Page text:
I wasn’t going to do this game originally. In fact, I don’t tend to bother with the League Cup, but as I hadn’t been to a home game for about a million years, and it actually dawned on me that I could attend the game, due to being on day shift, I decided to get a ticket. However, it meant that I wouldn’t need to hang around when I finished work. These days, the body doesn’t work like it used to. The ability to run, is nowhere near as fluid as it used to be. My feet and knees screamed at me for even having the audacity to attempt it. I’d been on my feet and in toe-tectors, for getting on for 10 hours, the joints in my legs were letting me know in no uncertain terms, that they were physically tired, and needed a rest. They weren’t going to get one. Racing home as fast as my aging body would let me, I commended myself for having the sense to lay out everything ready, so I could indulge in a lightning quick change of clothes, making sure I used enough deodorant to mask the smell of a full days work in a factory. Bouncing back out of my flat only 10 minutes after I’d entered. I haven’t quite mastered how Mr Ben used to do it on the animated children’s TV programme of the same name. If I could just work out how he did it, I’d save myself 10 valuable minutes. Turning the corner, I saw a bus pull off from the stop. I would have to wait. Since they made mask wearing compulsory on the bus, I hadn’t used one. Preferring to walk instead. Thankfully now, mask wearing has become personal choice. I don’t have to wear them on the bus. I can catch them again. An hour after clocking off at work, I was walking into the Head of Steam. Jinksy, Mikey, Steve and Ian Lake were in there, I joined them with my well earned and much needed pint. Steve had brought along a couple of programmes from two away games we’d played in 79/80. A season that had made a big impression on me. It was interesting flicking through them. Ian mentioned that he’d left a message on this blog. He was now following it. It surprised me to be honest, I didn’t think it was something he’d like. I’m not someone who tries to shoehorn my blog into every conversation. In fact, I’m quite bashful about it. We headed off towards the ground. Kilda wasn’t open, it’s midweek, it doesn’t open. Thing is, we haven’t been able to attend a game for 18 months, that obviously includes evening kickoffs. No point opening if there’s no through crowd. Places have got out of the practice of opening around the fixture list. We hoped that Halton Turner brewery might be open, as we saw someone opening a door there, it was a false alarm, they weren’t opening, and they weren’t aware of the game. We said we’d be back on Saturday, and that it might be worth opening whenever there was a game on. I must admit, I do like their beer, whenever I’ve had it. The brewery has moved from where they were brewing, to where they are now. I was quite pleased when I’d heard the news originally. Digbrew was another one that wasn’t open. Although not a fan of their beer, things were starting to look a bit desperate. The Ruin, a place I’d been in a couple of times, but not been impressed with, hadn’t even bothered to have any real ale on at all. We were down to two options, Roberto’s, (Or Bob’s, as we call it), or the Dog. Bob’s didn’t look open as we approached, but thankfully, it was. It’s a place that prefers customers to pay with card. Some of that is down to the virus, some of it is down to practicality. They don’t have to deal with cash or need to find a float. With the luck we were having, I was just glad it was open. We were the only customers. I like Bob’s. It’s got that undiscovered feel about it. Not so much because nobody knows it’s there, but just that nobody knows it’s there. There’s not really a through traffic. Once someone has been there, they come back. It’s a nice comfortable place, that has always got a good, interesting range of beers on. Like I’ve said, we were the only customers, and there’s no through crowd. It was a Tuesday, it was quiet. I suppose it was only the League Cup 1st round after all, but it was still quiet. So quiet, the girl who was looking after it, came outside to chat to us. When I said there was no through traffic, there were two girls, done up to the nines, walking up and down, even with the clothes, the makeup, the platform shoes making them taller, you could tell they were no older than 14. We’ve all been there with trying to look and act older. I did draw the line at wearing makeup and a mini skirt though. After several attempts, they must’ve conned some unsuspecting shop keeper, or they’d been ground down enough by the pair, to relent and sell them a can of Stella each. Looking at the pair, I’d guess that it wouldn’t have taken any more than a can each for them to get drunk. I don’t know how we got on to the subject of pets, and cats in particular, but we did. I’m not an animal lover, but nor am I a hater. I can barely look after myself, let alone look after a pet. It’s just too much like hard work. That being said, I’ve lived with people who have had pets. I’m not cruel, (Well I don’t perceive myself to be), but I’m not one who views and treats a pet as though it’s one of the family. People who treat a pet as though it’s their child, have serious issues. I once lived with a woman who had two cats. She’ll remain nameless. Ok, she won’t, it was Gayle. One of the cats, I really can’t remember which one, would stalk you when you were eating. it would sit as close as it could on the arm of the chair you were sat in. I’ve got to say, it was immensely irritating. It had learnt that if it did that, Gayle would leave something on her plate, and would put it on the floor, and allow the cat to eat it off the plate. I actually found this disgusting. I put up with it when Gayle was there, after all, it was her cat, and her house, but the thing would do it when Gayle wasn’t there. I decided to teach the damn thing a lesson it wouldn’t forget. I like curry. The cornershop, not to be confused with the Manchester band, did an excellent frozen one. (Knocked spots off anything you’ll find in a supermarket.) I came home from work the one morning, to do one of these delightful, delicious frozen curries, for my tea. Gayle worked a day shift, and had gone to work. Finishing said curry, I had deliberately left some sauce. I put the plate on the floor. The cat duly sauntered over, tail in the air. It then started to lick the sauce until it realised its mistake. Coughing and sputtering, it backed away from the plate. It looked in horror at me, before vanishing out of the living room. I heard it lapping furiously at its water bowl. The cat continued to stalk Gayle when she had food, but never me for some bizarre reason. To make sure the trick had worked, a few months later, I tried it again. The cat did take a few steps towards the plate, but then smelt the sauce. It again backed away, but without this time, tasting any remnants of the chicken madras. If you’re thinking that Gayle might ever read this, don’t worry, her opinion of me couldn’t get any worse anyway. I was in the main stand for the game, and I made my way round with Mikey, after walking up with the other three.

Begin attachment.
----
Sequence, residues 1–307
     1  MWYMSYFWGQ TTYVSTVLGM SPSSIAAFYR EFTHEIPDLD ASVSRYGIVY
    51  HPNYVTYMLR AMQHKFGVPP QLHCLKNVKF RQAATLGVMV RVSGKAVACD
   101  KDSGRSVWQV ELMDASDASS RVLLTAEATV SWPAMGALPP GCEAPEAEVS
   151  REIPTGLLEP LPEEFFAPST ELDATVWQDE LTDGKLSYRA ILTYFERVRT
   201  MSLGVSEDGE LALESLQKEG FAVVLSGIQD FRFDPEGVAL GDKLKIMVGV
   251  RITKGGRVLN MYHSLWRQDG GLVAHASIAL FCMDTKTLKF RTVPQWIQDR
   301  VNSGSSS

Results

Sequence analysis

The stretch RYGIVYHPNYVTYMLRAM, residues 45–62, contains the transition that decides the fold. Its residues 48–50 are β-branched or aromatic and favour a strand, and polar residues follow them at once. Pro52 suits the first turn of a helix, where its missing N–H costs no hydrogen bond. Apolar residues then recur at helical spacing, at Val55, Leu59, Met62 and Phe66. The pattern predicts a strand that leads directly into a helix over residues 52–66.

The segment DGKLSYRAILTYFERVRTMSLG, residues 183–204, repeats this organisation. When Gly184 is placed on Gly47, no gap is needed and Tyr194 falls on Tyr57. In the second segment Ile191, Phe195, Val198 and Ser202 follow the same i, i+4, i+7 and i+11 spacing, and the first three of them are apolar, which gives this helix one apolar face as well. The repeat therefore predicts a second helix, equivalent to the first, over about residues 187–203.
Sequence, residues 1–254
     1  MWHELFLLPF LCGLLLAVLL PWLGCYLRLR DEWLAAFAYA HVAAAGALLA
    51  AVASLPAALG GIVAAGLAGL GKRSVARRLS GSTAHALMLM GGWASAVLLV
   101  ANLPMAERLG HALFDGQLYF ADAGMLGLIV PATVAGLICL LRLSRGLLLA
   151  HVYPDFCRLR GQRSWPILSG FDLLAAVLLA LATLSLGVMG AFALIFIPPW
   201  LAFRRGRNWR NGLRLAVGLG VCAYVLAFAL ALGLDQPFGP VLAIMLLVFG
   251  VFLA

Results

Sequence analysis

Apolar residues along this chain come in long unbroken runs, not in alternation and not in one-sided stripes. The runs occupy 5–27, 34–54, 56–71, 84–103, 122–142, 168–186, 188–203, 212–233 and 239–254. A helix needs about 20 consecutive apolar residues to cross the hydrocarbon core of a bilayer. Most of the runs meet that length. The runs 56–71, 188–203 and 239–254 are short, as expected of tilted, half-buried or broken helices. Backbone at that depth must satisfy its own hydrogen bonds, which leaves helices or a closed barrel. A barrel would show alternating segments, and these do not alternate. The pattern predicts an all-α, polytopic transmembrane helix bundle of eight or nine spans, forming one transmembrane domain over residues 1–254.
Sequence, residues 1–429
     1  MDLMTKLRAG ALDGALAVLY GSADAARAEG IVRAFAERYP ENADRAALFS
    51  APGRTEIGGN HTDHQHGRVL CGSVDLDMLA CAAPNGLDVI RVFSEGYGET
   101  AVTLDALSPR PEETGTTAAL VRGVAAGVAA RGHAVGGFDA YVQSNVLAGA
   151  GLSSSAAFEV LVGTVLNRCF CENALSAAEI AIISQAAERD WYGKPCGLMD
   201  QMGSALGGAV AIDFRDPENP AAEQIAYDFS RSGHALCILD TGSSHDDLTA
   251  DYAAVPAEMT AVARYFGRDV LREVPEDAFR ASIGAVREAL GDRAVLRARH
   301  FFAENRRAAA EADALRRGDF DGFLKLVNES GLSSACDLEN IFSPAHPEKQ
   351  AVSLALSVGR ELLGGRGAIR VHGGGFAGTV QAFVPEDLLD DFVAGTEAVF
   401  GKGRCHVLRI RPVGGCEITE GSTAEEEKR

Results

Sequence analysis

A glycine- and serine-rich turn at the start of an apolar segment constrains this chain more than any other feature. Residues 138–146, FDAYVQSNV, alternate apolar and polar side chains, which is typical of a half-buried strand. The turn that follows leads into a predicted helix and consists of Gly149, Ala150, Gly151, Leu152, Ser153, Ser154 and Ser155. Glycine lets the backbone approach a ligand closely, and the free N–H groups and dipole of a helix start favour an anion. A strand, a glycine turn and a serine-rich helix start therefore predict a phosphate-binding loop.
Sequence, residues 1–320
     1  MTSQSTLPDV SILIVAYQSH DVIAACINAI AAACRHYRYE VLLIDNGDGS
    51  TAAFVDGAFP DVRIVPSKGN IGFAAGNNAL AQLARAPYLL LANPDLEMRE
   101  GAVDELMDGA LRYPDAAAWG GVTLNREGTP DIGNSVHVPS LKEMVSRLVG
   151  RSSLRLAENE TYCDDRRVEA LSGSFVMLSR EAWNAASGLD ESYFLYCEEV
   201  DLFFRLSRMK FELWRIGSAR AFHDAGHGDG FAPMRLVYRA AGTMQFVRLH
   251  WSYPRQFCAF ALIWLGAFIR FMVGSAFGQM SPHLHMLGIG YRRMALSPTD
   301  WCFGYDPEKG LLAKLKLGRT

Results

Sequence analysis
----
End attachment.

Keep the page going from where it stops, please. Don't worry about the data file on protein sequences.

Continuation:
I missed kickoff. Someone in the queue was having trouble gaining access. The gizmo that the turnstile operator was using, kept saying that the ticket had already been scanned. The operator knowing this to be incorrect, called the supervisor, who then tried to get the gizmo to clear, and then work properly. Eventually they managed to bypass the system, and the queue moved.